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Takashi Murakami and his Monumental Cycle 'The 500 Arhats' Coming to Mori Art Museum in Japan

  • takashi murakami contact work site culture
October 5, 2015
Studied Photography at IED in Milan, Italy. Passionate about art, frequent visitor of exhibitions, Widewalls photography specialist and Editor-in-Chief.

Takashi Murakami returns to his homeland! The internationally acclaimed Japanese artist will have his long-awaited, first large-scale exhibition in Tokyo in fourteen years, and the honor of hosting it went to the Mori Art Museum. Entitled The 500 Arhats, the show will feature a number of new works, many of which are still in progress, as well as the artist’s 100-meter long painting of the same name, considered one of the largest artworks ever produced in history of arts. Takashi Murakami remains one of Japan’s most important creators, best known for his Superflat artistic style which brought him worldwide fame.

takashi murakami contact work site culture superflat
Takashi Murakami – The 500 Arhats, 2012, detail. Acrylic on canvas, mounted on board, 302 x 10,000 cm. Private collection. © 2012 Takashi Murakami/Kaikai Kiki Co., Ltd. All Rights Reserved.

The 500 Arhats

Takashi Murakami’s The 500 Arhats painting was created in 2012, as a token of gratitude to the nation of Qatar, which was one of the first countries to offer assistance after the Great East Japan Earthquake and Tsunami in 2011. Thus, the work had its premiere in Doha, and now it is to be shown in the land of the rising sun for the first time ever. The inspiration behind the painting came from the legend of the 500 arhats, Buddha’s followers who spread his teachings. It is said that the story was introduced to Japan during the Heian period, presenting itself to the public through works on canvas and wood and stone sculptures. Before Murakami, two other Japanese artists also produced related artworks. For his own tribute, the artist engaged more than 200 students from national colleges in order to complete this monumental artwork.

The 500 Arhats consists of four sections named after the legendary Chinese guardians of the four celestial directions (blue dragon – east, white tiger – west, red bird – south, black tortoise – north). A milestone in Takashi Murakami’s career, the piece tackles the topics of religion, mortality and limitations, interpreted through his unique and vibrant style.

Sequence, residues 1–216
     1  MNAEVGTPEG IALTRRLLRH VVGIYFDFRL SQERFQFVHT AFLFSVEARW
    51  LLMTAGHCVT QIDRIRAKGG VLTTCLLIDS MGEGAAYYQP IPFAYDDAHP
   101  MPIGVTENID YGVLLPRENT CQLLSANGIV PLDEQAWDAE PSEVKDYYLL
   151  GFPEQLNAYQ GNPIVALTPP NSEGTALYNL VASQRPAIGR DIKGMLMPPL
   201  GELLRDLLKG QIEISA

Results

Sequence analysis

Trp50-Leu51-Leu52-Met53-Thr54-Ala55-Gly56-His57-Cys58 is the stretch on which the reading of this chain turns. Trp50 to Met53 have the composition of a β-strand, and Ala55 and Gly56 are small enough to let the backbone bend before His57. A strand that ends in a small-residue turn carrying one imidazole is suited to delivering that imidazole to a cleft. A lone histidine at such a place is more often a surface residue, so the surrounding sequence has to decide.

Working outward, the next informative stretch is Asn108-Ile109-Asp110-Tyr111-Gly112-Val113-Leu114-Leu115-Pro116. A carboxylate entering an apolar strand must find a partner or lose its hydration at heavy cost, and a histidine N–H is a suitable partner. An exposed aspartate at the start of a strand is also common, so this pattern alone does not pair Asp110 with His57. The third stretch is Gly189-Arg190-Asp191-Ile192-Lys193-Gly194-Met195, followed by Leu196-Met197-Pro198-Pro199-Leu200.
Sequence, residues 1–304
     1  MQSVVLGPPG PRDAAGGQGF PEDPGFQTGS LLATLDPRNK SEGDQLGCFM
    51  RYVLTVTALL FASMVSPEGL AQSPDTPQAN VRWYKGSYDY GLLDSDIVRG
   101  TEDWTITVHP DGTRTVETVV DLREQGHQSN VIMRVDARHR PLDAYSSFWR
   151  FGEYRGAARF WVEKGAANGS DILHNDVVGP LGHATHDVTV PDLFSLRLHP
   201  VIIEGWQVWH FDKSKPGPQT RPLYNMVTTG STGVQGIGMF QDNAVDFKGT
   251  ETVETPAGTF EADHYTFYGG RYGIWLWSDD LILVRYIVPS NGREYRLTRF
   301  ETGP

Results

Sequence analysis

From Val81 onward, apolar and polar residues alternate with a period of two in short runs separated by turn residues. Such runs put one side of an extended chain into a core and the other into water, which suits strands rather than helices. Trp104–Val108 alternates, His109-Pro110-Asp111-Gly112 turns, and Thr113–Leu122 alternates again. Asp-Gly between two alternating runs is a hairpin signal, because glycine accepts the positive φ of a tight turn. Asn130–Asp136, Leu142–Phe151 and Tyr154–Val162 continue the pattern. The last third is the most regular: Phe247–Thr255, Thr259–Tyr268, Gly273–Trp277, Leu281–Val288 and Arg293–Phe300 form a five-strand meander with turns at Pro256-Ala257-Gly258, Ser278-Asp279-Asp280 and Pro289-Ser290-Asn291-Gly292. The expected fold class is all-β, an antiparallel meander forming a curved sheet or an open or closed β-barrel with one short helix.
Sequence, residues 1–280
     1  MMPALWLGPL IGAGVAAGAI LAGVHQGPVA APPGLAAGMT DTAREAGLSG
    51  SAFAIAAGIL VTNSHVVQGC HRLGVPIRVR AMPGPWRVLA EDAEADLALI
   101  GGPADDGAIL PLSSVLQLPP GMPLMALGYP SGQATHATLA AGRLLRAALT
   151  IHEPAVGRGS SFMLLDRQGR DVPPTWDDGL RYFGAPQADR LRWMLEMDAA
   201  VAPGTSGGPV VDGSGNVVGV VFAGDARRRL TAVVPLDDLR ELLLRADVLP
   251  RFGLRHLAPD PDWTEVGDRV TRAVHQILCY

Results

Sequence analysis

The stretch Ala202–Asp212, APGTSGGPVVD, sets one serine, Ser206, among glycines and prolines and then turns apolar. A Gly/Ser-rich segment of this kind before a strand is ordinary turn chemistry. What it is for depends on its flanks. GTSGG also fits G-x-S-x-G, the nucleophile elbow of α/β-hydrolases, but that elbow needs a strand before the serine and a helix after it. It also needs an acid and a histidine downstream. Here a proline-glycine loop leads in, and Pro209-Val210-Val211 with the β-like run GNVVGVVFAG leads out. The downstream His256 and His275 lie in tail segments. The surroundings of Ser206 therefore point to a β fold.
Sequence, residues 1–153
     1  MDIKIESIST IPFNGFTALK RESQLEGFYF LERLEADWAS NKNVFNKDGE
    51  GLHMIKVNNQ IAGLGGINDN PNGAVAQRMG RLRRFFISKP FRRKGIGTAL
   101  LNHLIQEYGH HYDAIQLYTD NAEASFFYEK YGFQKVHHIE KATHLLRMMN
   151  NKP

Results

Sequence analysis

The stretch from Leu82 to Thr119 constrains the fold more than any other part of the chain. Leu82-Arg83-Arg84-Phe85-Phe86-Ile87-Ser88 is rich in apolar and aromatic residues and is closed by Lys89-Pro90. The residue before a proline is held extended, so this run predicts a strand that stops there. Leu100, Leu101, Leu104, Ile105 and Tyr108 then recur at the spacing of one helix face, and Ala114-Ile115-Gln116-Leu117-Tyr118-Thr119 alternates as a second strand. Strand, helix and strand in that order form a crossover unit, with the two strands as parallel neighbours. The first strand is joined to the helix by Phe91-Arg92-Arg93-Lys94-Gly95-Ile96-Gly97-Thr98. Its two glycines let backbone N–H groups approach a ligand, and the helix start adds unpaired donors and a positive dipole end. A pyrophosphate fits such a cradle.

takashi murakami contact work site culture superflat
Takashi Murakami – The 500 Arhats, 2012, detail. Acrylic on canvas, mounted on board, 302 x 10,000 cm. Private collection. © 2012 Takashi Murakami/Kaikai Kiki Co., Ltd. All Rights Reserved.

Other Artworks at Mori Art Museum

Also on view, there will be Takashi Murakami’s large sculptures, such as The Birth Cry of the Universe and Flame of Desire – Gold, as well as new paintings created especially for this exhibition. These works come from his trademark series, which includes works like 717, Tan Tan Bo and Enso, to be shown here for the first time in the country together with the silver and gold Karajishi Chinese lion canvases.

takashi murakami contact work site culture superflat
Left: Takashi Murakami – The Birth Cry of a Universe, In production. Mixed media, 420 x 293.5 x 230mm. Courtesy: Gagosian Gallery, New York. © 2015 Takashi Murakami/Kaikai Kiki Co., Ltd / Right: Takashi Murakami – Flame of Desire – Gold, 2013. Platinum leaf on bronze, 475cm. Courtesy: Blum & Poe, Los Angeles. © 2013 Takashi Murakami/Kaikai Kiki Co., Ltd. All Rights Reserved.

Takashi Murakami in Tokyo

Mixing both the aesthetic characteristics of the Japanese artistic tradition and the nature of the land’s post-war culture and society, Takashi Murakami developed a recognizable way of creating that has establish his name on the global scene for the younger generations to look up to. As we speak, the artist is also serving as a curator at Blum & Poe Gallery in Los Angeles, for an exhibition of contemporary Japanese ceramics.

Takashi Murakami: The 500 Arhats will be on view from October 31st 2015 until March 6th 2016 at Mori Art Museum in Tokyo, Japan.

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All images courtesy of Mori Museum.